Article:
Peacekeeping, with a woman’s touch

Maj Fozia Perveen is the first officer Pakistan has deployed to the female-led UN mission in Cyprus

Zeeshan Ahmad May 29, 2020

KARACHI: There are few countries in the world that have shown the kind of dedication to United Nations peacekeeping missions that Pakistan has. For six decades, the country has ranked consistently as a top five contributor of personnel, deploying more than 200,000 troops in almost every continent in the world.

But while Pakistan’s peacekeeping role in Africa and the Balkans remain rather well known, the women peacekeepers the country has deployed have received rather less attention. Indeed the role of women is often glossed over even though they are understood to be vital contributors in any peacekeeping activity.

Speaking to The Express Tribune, Major Fauzia Parveen, the first Pakistani officer to serve as a peacekeeper in Cyprus, explained how crucial women were to peacekeeping operations.

“Ever since the UN deployed the first woman peacekeeper in Liberia – and opened the door for women like me to have the honour of serving as blue berets – the world body has recognised the importance of women in peacekeeping,” she said. “As 50 per cent of any society, it is a no-brainer that women have to be equal stakeholders if there is to be peace. In terms of peacekeeping operations in particular, women bring a certain nuance and sensitivity that makes the process much more robust,”

“In the past there have been some controversies and the presence of women peacekeepers has greatly reduced the risk of such incidents happening again,” she added. “And then there is the on-ground impact the deployment of women peacemakers has.”

Maj Fauzia explained this impact using the example of Cyprus, where she was deployed for a year and which is currently split into two zones with their own administration.

“In Cyprus, our main role is to bring two communities together and to bridge the gap between them. To do so, we have to maintain a high level of engagement with local communities,” she said. “In my experience, locals, particularly women, are more open to engagement if the officer dealing with them is a woman.”

She pointed an interesting and pertinent feature of the UN mission in Cyprus. “I had the unique opportunity of serving in a female-led mission,” Maj Fauzia said. “The head of the UN mission in Cyprus is a woman, a civilian officer from Canada. Not only that, the head of the police component of the mission is also a woman.”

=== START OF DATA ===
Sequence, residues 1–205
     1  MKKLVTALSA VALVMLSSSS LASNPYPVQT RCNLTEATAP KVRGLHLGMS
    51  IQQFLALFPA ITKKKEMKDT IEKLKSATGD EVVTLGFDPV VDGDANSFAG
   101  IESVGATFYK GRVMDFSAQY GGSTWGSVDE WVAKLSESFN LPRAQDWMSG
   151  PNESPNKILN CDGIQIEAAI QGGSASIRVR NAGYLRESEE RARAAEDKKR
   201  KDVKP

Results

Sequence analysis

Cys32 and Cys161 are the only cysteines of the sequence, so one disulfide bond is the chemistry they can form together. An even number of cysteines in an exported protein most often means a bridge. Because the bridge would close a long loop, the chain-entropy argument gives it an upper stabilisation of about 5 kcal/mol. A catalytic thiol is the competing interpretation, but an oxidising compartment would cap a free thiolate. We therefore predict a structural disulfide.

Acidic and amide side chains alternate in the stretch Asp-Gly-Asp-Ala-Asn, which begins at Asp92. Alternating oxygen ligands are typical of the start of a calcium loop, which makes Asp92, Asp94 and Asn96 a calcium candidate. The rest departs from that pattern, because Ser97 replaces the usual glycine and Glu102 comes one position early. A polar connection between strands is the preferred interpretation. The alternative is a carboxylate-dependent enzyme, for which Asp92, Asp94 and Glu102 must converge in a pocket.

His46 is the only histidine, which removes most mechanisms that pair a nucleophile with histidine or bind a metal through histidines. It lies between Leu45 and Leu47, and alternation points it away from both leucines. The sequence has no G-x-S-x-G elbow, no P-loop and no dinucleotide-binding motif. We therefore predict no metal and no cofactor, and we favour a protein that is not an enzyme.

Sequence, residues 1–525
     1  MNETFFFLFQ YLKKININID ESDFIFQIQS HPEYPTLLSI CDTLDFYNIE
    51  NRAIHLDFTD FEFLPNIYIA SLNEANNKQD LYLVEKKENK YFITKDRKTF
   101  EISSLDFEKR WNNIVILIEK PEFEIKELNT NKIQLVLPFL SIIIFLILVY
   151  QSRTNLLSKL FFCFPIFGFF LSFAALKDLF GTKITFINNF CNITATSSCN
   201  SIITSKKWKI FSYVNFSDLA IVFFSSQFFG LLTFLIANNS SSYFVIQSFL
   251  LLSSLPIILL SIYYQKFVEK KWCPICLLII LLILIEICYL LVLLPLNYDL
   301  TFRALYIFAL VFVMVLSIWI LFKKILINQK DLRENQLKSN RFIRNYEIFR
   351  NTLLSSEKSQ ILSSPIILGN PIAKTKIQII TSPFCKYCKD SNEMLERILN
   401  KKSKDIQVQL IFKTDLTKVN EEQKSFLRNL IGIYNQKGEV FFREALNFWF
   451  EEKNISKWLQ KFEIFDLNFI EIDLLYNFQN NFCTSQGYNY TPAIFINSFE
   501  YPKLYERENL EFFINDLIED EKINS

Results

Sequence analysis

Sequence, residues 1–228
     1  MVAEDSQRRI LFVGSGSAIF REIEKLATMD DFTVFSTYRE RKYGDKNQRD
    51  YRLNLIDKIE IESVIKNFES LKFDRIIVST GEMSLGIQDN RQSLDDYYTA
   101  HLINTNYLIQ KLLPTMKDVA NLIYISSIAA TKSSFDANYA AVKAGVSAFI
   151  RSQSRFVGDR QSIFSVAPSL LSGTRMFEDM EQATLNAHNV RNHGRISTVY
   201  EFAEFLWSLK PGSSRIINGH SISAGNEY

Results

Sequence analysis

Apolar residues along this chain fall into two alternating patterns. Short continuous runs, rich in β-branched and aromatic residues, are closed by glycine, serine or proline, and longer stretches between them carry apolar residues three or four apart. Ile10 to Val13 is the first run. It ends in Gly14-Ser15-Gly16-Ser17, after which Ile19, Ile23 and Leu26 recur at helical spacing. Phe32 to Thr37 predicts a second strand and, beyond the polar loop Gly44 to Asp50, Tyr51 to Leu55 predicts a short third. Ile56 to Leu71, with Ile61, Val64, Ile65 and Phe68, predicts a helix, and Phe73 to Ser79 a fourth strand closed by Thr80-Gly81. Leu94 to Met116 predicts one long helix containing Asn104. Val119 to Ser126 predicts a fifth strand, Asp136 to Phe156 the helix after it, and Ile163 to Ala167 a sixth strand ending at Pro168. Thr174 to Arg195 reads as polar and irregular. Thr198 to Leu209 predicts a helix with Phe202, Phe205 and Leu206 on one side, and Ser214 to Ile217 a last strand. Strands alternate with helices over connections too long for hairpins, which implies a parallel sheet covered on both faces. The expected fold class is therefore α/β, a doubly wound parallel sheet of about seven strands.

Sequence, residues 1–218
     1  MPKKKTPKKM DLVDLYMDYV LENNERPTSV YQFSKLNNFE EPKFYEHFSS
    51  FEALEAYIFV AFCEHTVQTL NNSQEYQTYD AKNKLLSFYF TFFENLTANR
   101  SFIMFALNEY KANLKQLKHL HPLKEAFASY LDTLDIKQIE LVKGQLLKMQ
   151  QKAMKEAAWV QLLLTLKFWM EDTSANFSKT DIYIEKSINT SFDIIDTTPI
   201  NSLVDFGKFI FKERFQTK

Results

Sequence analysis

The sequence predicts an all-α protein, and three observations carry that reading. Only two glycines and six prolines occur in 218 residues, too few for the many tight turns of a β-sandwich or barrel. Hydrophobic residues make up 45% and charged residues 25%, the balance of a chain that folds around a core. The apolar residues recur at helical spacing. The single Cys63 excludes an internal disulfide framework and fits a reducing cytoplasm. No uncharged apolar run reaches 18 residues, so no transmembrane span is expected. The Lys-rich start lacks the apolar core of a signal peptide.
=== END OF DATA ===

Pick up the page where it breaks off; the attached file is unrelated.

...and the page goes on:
Talking about her own role, she said she had served a military public information officer for the UN mission. “It was the same role as the one I held back home as I have been serving Inter Services Public Relations since I was commissioned in 2007,” she said. “So, I was comfortable in that respect at least.”

But that is not to say Cyprus was a cakewalk, Maj Fauzia was quick to point out. “Before I went there last March, everyone had told me it was an easy deployment since there was no active conflict in the country,” she said. “However, I quickly realised that when things appear simple, they usually aren’t.”

According to Maj Fauzia, the dynamics in the island nation were completely different from what she had encountered before. “Cyprus is a very old nation and one that is very politically sensitive. In essence, I had to model myself into a diplomat-soldier.”

On a personal level, she also had the challenge of being the only Pakistani officer in the country when she landed. “Pakistan has a long history of taking part in UN peacekeeping operations, but until I went there, it had sent no officer to Cyprus. The only Pakistani in the UN mission when I landed was an NCO. I was the first officer,” she said.

“As a woman officer who began working without the support of full Pakistani contingent, the experience provided a new challenge and an opportunity to learn. I had to prepare a lot of things on the ground, like coordinating logistics, independently. In this was on top of being away from my family and my people with the heavy responsibility of acting like an ambassador,” she added.

That said Maj Fauzia took pride in being the first Pakistani officer to serve in the UN mission in Cyprus. “Participating in the UN mission provided me with an experience like none I had before. The mission had three components – military, civilian and police – that work hand in hand. So I had a chance to learn how to work in a cross-component mission,” she said.

“The mission in Cyprus is one that makes it difficult to assess progress in tangible ways. But we feel a sense of pride and success whenever we bring two sides to the table to talk and achieve confidence-building measures,” she added.

According to sources, Pakistan was the first country to deploy women peacekeepers in Female Engagement Teams (FETs) in peacekeeping missions. Currently, the country has deployed two FETs comprising 30 women officers in the UN missions in Congo and the Central African Republic. Another FET will be deployed in Congo next month, they said. One Pakistani woman peacekeeper has also laid down her life in the line of duty.

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